The chances of the German government making good on its election pledge to cut taxes next year were dealt another blow when the latest revenue forecast showed 2011 state tax revenues would be lower than last estimated.
Wolfgang Schäuble, finance minister, said he was now forecasting that an unforeseen revenue loss of €1.1bn ($1.4bn) would reinforce a shortfall of €10.6bn already projected when Berlin passed a first round of tax cuts late last year.
Mr Schäuble said the coalition Christian and Free Democrats had to “weigh carefully” what conclusions to draw about tax policy, although he declined to say whether plans for extra cuts of up to €19bn a year were still realistic.
The finance minister and an increasing number of fellow Christian Democrats have grown increasingly sceptical about tax changes, raising tensions with Free Democrats, who last year campaigned on the promise of cuts.
Mr Schäuble said Germany upholding solid public finances was of “existential importance” given effects of financial and economic crises. “Germany is seen as an anchor of stability in the eurozone,” the minister said.
While he did not refer to the Greek debt crisis, his argument chimed with the thinking of other Christian Democrat grandees, who have come to consider tax cuts ever more unlikely as fears about the euro have grown.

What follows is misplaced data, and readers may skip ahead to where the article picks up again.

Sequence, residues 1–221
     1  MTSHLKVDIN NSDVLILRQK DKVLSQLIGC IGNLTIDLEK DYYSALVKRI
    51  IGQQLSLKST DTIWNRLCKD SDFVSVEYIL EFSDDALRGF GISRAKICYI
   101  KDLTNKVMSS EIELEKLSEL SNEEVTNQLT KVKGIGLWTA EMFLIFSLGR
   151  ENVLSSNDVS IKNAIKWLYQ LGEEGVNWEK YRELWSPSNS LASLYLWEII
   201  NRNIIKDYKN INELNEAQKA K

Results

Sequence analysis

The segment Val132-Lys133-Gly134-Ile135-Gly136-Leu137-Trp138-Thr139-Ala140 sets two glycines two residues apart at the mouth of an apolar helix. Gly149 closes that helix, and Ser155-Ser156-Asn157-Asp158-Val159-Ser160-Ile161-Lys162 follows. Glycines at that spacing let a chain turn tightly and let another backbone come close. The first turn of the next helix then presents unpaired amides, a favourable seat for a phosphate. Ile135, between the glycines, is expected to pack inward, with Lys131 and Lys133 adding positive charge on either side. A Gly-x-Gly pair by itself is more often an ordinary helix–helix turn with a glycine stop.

Mr Schäuble said Germany would stick to its goal of reducing the deficit of federal, state and municipal governments to below 3 per cent of gross domestic product by 2013 from a deficit of around 5 per cent seen in 2010.
To reach this goal, and fulfil the criteria of the German constitution’s “debt brake”, which kicks in next year, the federal government alone would have to cut spending by €10bn a year over the next few years, Mr Schäuble said.
He said tax intake would climb back only in 2013 to the level of €561bn seen in 2008, before global economic turmoil struck. “This describes the extent and the long-term effects of the financial and economic crisis,” he said.